- How long would you plan to live in this property?
- What is your connection to [town]?
- Where abouts are you living now and why are you looking to move?
- What is the breed and age of your pet (if applicable)?
- Have you ever had any CCJs and if so, please provide details.
- Is the property for yourself? If not, explain why you are asking to view for someone else. Please do not apply if you are a rent to renter or another intermediary.
I added the last question after having people pretending to be interested in the property, but turning out to be rent-to-renters or agencies. There’s an option to report these people who pose as genuine renters, which I duly did.
>> Related Post: What is Rent to Rent?
My detailed list of questions was also invaluable in weeding out sharers who would turn it into an HMO. Although my properties aren’t in areas with with additional licensing for small HMOs (over 4 sharers from at least 2 different households), I prefer single lets with one household, rather than a small HMO.
>> Related Post: What exactly is an HMO?
As I’m looking for long term renters, I prefer locals or people with good reasons for living there, as they’re more likely to stay.
You can change the questions at any time. I highly recommend this as an efficient way of obtaining information to see if it’s worth your time showing them the property.
>> Related Post: Landlord Guide to using OpenRent to find tenants
How can landlords check if applicants are likely to be good tenants?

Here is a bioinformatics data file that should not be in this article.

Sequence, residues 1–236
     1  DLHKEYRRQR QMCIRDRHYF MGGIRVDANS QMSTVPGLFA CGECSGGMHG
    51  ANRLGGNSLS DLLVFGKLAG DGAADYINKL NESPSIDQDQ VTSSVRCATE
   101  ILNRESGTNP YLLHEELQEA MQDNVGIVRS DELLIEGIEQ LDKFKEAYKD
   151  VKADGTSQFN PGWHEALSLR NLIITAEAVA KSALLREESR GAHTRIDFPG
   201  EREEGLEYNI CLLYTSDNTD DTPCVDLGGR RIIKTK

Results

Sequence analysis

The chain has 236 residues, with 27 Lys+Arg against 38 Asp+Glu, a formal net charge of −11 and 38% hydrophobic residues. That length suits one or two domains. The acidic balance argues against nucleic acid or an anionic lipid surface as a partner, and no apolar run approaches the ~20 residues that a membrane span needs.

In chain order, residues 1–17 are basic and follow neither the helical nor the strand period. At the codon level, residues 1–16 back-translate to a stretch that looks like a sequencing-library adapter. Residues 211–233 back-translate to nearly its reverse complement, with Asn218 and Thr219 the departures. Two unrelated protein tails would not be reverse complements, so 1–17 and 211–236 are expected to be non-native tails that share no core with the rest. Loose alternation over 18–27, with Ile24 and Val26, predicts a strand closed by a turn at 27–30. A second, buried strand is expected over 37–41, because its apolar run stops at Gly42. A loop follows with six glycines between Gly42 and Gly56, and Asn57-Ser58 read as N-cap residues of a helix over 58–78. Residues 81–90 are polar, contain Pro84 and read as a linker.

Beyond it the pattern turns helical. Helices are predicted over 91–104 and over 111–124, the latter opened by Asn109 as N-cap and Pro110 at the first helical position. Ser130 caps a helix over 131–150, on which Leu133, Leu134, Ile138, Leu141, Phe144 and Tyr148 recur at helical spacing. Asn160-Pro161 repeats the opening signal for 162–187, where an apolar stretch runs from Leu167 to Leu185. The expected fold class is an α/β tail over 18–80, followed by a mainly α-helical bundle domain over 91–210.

Thorough referencing is fundamental to finding good tenants, whether you let yourself, or delegate it to a letting agent. This is not something to cut back on.
Here are the ways you can check to see if your applicants are being truthful when they assure you of their perfect track record and high salary.
1. Credit checks – OpenRent example
A credit check is a “must do” for all applicants. It’s quick to do, and the reference companies will check with a credit referencing agency. OpenRent use Equifax for both its one day Speedy Reference, and the Comprehensive Reference. These both cost £20 per applicant.
Here are the credit checks that form part of the OpenRent referencing:
- Credit score from a credit referencing agency. This is a statistical measure of the likelihood of the applicant paying their rent on time.
- Fraud Check – this uses linked address, identity & fraud information searches.
- Outstanding debt search – this search reveals if the applicant has had any unpaid debts registered at the Country Court with a County Court Judgment (CCJ). It also provides other court information registered (eg bankruptcies, IVAs) over the last six years in the applicant’s name.
2. Affordability / Income verification
Applicants might be the loveliest people, who will keep the property in immaculate condition and be great neighbours. But if they can’t afford the rent, it’s not going to end well.
Tenants should earn at least 2.5 x the rent, preferably more, to allow for them to cope with inflation and hopefully save some money. Being in regular, stable employment is helpful.
Zero-hours contracts and people on temporary contracts or in their probationary period are more problematic. However, if they can show through bank statements that they’ve had a regular income, have never been in arrears previously, and have a good credit score, it might be possible to be lenient.
OpenRent ask for bank statements and payslips on the Speedy Reference. For their Comprehensive Reference, they will contact the applicant’s employer to obtain details of their employment, including salary, occupation and length of employment.